Elon Musk cancels the $44 billion Twitter acquisition, and the firm threatens to sue him.

The billionaire Elon Musk withdrew his $44 billion bid to acquire Twitter on Friday.
To compel the sale to go through, the dominant social media company now intends to file a lawsuit against the Tesla CEO. Due to Twitter’s failure to offer sufficient information regarding the number of phony accounts using its network, Musk claimed he was ending the largest buyout in recent memory.

In April, Twitter and Musk agreed that each side would be required to pay a $1 billion fine if they decided to back out of the contract. Twitter might have pushed for the break-up fee after the CEO of SpaceX withdrew, but instead, it is getting ready for a fight to finish the deal.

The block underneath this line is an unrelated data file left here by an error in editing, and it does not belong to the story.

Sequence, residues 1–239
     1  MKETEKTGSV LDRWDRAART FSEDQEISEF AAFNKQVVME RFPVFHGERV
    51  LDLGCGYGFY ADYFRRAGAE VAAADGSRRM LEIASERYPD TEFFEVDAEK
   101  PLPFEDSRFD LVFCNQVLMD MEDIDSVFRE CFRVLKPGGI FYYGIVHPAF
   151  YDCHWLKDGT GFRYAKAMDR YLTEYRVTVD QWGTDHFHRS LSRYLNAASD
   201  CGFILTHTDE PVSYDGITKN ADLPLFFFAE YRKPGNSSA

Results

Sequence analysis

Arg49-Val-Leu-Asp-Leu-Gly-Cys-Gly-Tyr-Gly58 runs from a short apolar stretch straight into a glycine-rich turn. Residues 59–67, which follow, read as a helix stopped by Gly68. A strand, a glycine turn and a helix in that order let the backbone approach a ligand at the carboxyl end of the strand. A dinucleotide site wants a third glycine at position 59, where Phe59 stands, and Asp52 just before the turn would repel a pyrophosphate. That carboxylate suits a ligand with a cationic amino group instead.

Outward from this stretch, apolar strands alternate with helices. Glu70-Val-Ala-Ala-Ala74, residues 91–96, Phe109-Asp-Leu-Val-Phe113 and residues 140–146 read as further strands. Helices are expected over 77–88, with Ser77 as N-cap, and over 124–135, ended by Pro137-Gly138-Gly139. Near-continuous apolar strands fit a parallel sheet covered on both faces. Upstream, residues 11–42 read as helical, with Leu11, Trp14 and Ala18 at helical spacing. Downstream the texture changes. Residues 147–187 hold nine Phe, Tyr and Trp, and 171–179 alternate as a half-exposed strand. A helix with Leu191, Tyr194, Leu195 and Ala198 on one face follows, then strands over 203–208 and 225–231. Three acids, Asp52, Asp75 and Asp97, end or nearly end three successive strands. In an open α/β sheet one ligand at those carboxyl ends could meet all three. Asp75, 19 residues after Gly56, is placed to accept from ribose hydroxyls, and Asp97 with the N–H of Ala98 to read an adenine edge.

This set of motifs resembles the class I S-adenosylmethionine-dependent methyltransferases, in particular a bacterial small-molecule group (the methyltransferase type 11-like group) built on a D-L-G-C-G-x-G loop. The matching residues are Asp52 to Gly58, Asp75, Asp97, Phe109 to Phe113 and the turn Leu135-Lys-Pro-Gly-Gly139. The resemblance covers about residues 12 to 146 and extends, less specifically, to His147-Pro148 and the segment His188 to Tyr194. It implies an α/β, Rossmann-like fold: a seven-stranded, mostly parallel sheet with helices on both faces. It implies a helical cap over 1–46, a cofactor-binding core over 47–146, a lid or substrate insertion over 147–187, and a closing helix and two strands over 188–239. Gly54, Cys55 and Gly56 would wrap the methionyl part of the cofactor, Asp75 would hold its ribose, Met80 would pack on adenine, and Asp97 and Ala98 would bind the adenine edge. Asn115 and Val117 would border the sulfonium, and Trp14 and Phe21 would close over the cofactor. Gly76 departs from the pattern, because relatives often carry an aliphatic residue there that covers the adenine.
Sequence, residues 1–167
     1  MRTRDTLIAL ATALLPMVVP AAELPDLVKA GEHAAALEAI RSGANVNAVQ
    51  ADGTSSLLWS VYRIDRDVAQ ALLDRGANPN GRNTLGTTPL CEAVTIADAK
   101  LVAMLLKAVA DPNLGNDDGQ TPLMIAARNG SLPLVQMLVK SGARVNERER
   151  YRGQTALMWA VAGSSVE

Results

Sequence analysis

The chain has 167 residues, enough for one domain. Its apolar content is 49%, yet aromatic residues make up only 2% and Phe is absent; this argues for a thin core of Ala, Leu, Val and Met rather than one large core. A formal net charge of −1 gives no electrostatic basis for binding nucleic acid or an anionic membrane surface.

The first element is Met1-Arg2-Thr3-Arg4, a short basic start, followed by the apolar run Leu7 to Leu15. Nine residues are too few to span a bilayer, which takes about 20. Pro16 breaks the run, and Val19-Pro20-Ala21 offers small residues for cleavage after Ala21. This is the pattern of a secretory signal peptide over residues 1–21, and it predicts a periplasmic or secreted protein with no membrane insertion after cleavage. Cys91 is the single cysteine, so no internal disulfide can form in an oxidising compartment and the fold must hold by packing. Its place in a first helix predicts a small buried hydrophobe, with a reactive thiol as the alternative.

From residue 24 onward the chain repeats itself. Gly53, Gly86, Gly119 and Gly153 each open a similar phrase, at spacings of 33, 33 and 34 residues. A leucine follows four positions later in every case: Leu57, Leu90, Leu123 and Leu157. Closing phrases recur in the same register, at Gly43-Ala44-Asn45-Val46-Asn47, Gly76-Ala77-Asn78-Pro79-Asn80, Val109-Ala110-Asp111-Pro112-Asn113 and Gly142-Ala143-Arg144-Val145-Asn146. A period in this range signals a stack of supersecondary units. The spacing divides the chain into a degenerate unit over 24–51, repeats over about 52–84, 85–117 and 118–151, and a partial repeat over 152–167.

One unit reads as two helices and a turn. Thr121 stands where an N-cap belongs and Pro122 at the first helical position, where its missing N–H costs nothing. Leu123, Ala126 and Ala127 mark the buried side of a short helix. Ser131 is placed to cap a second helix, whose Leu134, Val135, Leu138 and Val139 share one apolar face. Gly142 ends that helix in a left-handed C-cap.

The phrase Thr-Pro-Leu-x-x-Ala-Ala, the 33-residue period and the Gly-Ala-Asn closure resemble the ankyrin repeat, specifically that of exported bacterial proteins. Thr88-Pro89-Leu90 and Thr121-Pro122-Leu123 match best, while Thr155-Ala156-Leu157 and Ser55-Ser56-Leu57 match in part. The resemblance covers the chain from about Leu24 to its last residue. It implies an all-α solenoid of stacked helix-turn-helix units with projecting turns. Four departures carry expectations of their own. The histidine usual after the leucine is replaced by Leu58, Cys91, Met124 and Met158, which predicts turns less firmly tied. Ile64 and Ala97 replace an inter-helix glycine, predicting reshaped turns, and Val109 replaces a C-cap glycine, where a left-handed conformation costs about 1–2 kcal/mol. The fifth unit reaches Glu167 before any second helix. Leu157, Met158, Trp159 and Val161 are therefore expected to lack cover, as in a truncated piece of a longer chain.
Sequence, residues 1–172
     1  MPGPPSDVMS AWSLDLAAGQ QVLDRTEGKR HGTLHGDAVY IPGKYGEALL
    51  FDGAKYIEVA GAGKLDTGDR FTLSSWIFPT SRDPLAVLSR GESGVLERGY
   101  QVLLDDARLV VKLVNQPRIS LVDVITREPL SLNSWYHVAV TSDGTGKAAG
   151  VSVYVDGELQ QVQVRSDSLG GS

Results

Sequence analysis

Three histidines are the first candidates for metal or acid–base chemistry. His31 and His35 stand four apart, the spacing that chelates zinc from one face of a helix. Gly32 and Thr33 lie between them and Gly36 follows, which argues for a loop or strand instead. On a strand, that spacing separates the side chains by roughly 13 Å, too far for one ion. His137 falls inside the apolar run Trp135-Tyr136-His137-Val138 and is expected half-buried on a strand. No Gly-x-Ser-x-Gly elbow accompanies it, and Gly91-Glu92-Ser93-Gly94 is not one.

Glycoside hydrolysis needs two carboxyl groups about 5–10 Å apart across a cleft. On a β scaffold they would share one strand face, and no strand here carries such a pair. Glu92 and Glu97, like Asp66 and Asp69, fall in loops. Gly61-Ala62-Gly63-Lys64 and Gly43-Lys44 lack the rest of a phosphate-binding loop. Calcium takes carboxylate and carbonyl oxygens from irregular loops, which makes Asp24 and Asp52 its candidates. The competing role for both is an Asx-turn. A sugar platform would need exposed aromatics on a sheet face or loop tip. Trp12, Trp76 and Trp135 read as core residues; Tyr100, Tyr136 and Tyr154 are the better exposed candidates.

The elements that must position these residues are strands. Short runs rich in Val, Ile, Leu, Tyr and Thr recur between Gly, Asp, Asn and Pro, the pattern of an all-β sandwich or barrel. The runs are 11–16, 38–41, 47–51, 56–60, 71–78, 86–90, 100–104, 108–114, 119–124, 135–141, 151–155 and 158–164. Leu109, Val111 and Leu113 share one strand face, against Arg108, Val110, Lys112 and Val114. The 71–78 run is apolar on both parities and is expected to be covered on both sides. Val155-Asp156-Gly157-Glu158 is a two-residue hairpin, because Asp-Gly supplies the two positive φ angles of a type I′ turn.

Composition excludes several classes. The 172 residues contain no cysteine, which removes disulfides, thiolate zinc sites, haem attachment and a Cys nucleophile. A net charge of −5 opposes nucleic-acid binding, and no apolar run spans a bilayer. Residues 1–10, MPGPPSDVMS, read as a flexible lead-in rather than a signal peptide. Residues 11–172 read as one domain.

Mike Ringler, an attorney for Musk, stated in the letter that his client had been looking for information about the frequency of “fake or spam” accounts on the social media site for almost two months.

“Twitter has failed or refused to provide this information. Sometimes Twitter has ignored Mr. Musk’s requests, sometimes it has rejected them for unjustified reasons, and sometimes it has claimed to comply while giving Mr. Musk incomplete or unusable information,” the letter said.

Musk also said the information was fundamental to the company’s business and financial performance and was needed to finish the transaction.

In response, the chair of Twitter’s board, Bret Taylor, tweeted that the board was “committed to closing the transaction on the price and terms agreed upon” with Musk and “plans to pursue legal action to enforce the merger agreement. We are confident we will prevail in the Delaware Court of Chancery.